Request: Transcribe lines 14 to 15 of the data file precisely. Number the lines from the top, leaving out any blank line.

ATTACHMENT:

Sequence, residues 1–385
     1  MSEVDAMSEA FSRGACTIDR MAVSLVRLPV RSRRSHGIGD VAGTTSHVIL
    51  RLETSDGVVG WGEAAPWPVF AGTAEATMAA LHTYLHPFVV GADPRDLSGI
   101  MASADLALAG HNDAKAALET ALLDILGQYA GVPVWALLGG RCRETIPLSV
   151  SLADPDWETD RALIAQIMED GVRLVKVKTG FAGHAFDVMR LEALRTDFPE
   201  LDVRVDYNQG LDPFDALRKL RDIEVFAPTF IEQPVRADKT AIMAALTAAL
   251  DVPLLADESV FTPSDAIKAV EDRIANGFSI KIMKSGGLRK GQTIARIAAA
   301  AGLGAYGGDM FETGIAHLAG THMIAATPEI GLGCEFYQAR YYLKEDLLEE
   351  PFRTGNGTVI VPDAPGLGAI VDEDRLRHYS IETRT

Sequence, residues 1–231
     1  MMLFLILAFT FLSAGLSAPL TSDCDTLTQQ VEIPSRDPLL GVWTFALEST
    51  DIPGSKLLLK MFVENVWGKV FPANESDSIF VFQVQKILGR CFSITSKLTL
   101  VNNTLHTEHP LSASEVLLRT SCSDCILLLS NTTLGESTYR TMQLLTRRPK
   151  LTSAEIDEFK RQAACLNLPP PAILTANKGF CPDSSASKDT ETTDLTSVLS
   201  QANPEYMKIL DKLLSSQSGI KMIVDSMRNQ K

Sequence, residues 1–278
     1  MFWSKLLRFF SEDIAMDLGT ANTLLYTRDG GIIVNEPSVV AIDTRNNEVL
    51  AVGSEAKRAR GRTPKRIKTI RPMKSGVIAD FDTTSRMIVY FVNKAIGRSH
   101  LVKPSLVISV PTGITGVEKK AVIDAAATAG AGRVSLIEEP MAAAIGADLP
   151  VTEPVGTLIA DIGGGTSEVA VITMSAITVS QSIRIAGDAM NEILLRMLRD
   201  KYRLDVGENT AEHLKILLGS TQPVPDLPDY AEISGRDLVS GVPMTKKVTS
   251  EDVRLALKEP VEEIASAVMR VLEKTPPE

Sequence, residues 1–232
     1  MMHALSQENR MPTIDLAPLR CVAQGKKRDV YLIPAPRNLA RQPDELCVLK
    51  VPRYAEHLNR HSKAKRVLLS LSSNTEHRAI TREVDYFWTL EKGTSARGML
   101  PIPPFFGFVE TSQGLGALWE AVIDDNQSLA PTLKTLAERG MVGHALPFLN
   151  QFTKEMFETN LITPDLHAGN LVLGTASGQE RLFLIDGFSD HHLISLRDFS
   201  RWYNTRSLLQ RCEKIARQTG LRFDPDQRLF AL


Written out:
   151  LTSAEIDEFK RQAACLNLPP PAILTANKGF CPDSSASKDT ETTDLTSVLS
   201  QANPEYMKIL DKLLSSQSGI KMIVDSMRNQ K